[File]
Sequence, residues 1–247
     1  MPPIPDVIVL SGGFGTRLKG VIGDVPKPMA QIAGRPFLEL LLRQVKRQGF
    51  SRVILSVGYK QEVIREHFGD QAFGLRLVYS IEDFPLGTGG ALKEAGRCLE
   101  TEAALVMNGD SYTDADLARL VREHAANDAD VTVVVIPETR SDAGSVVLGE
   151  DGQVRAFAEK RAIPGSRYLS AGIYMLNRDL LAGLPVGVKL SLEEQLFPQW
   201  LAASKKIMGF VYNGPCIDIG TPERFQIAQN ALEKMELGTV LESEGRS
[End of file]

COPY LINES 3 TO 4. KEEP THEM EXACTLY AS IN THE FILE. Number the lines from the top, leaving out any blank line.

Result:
    51  SRVILSVGYK QEVIREHFGD QAFGLRLVYS IEDFPLGTGG ALKEAGRCLE
   101  TEAALVMNGD SYTDADLARL VREHAANDAD VTVVVIPETR SDAGSVVLGE